By Cady Kuzmich
Clifton Park — Local kids will have 5,000 chances to win free ice cream this summer. All they have to do is get caught wearing a helmet while riding their bike.
Dozens of children joined Assemblyman James Tedisco Thursday morning, June 30, at the Southern Saratoga YMCA Summer Camp in Clifton Park to highlight the importance of bike safety this summer with the 19th annual Safe Summer Bike Helmet Safety Program. Silver tassels hanging off handlebars glimmered in the sun and training wheels wobbled as beginner cyclists tried to hop onto their bikes.
Tedisco has teamed up with 12 local police departments, the YMCA, Stewart’s and Hayner’s Ice Cream to make the Safe Summer Bike Helmet Program a reality. The Assemblyman emphasized the importance of positive reinforcement when it comes to bike safety. Through this program, local police departments will hand out 5,000 “good tickets” to children caught wearing a helmet while riding their bikes. The tickets are redeemable for ice cream thanks to donations from Stewart’s and Hayner’s Ice Cream in Halfmoon. “When you’re good, good things happen,” he told the kids.
Unicorn helmets and helmets with neon green mohawk spikes rested atop the kids’ heads in the audience as Tedisco spoke. Saratoga County Sheriff Michael Zurlo pulled up in his police car “whoop whooping” and handed “good tickets” to the children wearing helmets. Zurlo applauded the program for passing on simple, “yet effective ways to teach kids how to safely handle their bicycles.”
While it’s the law in New York State that children up to age 14 must wear a bicycle helmet, there is no such requirement for adults. Still, Tedisco urged older members of the community to set an example for the young members of the community. “This program is for everybody,” said Tedisco. “Helmets are for adults as well as kids. The program permeates beyond kids.”
“I’m not so interested in kids abiding the law,” said Tedisco. The goal of the program is not necessarily about keeping kids from breaking the law, but to keep them safe. He expressed his hope that the children in attendance would act as “ambassadors for their neighborhood,” encouraging other kids to wear helmets.
5 year old Kevin Sun of Clifton Park wore a helmet with bright red spikes sticking out of it as he stood in line to get ice cream. Sun said he first learned how to ride his bike when he was three years old and confirmed he always remembers to put on his helmet first.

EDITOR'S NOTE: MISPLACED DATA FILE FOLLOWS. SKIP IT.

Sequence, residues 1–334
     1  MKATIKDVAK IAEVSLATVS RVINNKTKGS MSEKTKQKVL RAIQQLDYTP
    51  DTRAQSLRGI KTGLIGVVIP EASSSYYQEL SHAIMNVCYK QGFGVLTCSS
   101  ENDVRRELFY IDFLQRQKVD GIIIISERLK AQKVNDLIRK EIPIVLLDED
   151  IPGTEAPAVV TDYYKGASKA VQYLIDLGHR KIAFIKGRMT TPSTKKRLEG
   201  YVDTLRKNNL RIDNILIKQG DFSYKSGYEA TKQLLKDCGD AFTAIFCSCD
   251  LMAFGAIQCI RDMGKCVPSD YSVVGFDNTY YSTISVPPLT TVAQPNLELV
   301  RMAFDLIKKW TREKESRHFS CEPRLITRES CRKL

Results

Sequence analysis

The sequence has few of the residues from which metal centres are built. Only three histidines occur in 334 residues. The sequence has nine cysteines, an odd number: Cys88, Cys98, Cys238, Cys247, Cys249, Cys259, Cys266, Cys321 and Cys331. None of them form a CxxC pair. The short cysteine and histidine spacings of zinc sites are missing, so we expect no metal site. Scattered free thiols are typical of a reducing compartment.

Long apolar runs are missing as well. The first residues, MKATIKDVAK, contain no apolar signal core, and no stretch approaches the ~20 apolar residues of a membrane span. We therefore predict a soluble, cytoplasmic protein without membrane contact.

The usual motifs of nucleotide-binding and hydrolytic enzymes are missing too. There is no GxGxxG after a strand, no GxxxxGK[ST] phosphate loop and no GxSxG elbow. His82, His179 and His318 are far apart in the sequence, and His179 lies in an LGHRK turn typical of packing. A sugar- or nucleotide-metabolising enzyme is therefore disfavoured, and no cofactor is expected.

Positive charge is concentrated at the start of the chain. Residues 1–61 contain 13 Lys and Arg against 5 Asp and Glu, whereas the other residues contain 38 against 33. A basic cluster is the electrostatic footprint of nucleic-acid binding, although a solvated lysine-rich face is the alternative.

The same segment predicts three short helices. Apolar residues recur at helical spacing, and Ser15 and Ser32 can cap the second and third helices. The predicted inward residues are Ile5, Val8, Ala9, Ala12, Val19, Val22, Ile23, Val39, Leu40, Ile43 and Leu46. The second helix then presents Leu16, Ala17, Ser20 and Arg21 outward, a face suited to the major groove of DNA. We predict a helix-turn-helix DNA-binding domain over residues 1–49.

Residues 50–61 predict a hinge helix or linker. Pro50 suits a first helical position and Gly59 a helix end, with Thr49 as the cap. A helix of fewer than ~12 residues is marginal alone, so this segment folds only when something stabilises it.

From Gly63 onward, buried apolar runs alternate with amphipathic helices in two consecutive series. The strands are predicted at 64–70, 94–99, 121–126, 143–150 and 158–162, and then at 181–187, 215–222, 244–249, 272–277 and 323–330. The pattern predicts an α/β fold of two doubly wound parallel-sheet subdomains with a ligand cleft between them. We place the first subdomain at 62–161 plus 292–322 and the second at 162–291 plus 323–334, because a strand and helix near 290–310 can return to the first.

Each year, an average of 54 New Yorkers are killed and 19,000 New Yorkers are hospitalized due to bike accidents, according to the New York state Department of Health. Tedisco and other community members are hoping to bring those numbers down. Tedisco pointed out that “head injuries are the leading cause of death and permanent disability in bicycle crashes, accounting for more than 60 percent of bike-related deaths.”
According to Tedisco, “the average charge for a hospital stay due to a bicycle related brain injury is $23,000 with an average length of stay of four days. In New York, annual hospitalization charges related to care for persons with a bicycle related brain injury is $20 million.”
In comparison, he said helmets cost about $20. Still he noted, “Some families can’t afford that.” Thanks to the law firm, Martin, Harding and Mazotti LLP, hundreds of new bike helmets have been donated to police departments throughout the Capital Region to be distributed to families facing financial hardship.
“Stewart’s Shops is happy to partner with this program year after year because what sweeter reward is there, than ice cream? We wish all the kids out there a fun and safe summer,” said Maria D’Amelia, Stewart’s Shops spokesperson. Speaking of the company’s goals for the summer, she said, “We want to keep the ice cream cold, keep people smiling and keep kids safe.”
Craig Hayner, of Hayner’s Ice Cream, said “it’s nice to be wearing another hat.” Hayner is also the Saratoga County Clerk. He urged drivers to “remember these kids are out there,” especially during the warm summer months when kids are home from school.
Tedisco thanked the YMCA in the traditional Village People fashion before showing the kids in attendance how to put a helmet on correctly and joining them for a short bike ride around the YMCA.
Prompted by Sarah Heslin, the Executive Director of the Southern Saratoga County YMCA, the group of children sitting beside Tedisco shouted “Thank you!” for his work. “That was almost as loud as the New York State Assembly when we’re in session but it makes a whole lot more sense,” laughed Tedisco.